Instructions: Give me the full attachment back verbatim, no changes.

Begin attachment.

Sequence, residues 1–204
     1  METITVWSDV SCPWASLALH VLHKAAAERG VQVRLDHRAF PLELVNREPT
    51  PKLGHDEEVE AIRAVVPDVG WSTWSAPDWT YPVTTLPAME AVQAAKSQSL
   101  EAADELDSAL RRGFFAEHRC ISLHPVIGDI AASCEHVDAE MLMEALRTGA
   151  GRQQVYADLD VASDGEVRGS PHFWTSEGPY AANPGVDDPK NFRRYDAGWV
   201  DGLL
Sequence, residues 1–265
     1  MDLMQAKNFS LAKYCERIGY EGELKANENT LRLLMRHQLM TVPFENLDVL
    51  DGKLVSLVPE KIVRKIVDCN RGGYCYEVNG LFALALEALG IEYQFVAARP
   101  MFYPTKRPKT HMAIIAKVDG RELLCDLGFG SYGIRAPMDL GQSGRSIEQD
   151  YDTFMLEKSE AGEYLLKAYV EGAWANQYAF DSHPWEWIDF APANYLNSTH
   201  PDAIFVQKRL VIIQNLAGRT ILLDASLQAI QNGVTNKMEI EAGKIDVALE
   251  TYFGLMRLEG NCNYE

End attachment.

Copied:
Sequence, residues 1–204
     1  METITVWSDV SCPWASLALH VLHKAAAERG VQVRLDHRAF PLELVNREPT
    51  PKLGHDEEVE AIRAVVPDVG WSTWSAPDWT YPVTTLPAME AVQAAKSQSL
   101  EAADELDSAL RRGFFAEHRC ISLHPVIGDI AASCEHVDAE MLMEALRTGA
   151  GRQQVYADLD VASDGEVRGS PHFWTSEGPY AANPGVDDPK NFRRYDAGWV
   201  DGLL
Sequence, residues 1–265
     1  MDLMQAKNFS LAKYCERIGY EGELKANENT LRLLMRHQLM TVPFENLDVL
    51  DGKLVSLVPE KIVRKIVDCN RGGYCYEVNG LFALALEALG IEYQFVAARP
   101  MFYPTKRPKT HMAIIAKVDG RELLCDLGFG SYGIRAPMDL GQSGRSIEQD
   151  YDTFMLEKSE AGEYLLKAYV EGAWANQYAF DSHPWEWIDF APANYLNSTH
   201  PDAIFVQKRL VIIQNLAGRT ILLDASLQAI QNGVTNKMEI EAGKIDVALE
   251  TYFGLMRLEG NCNYE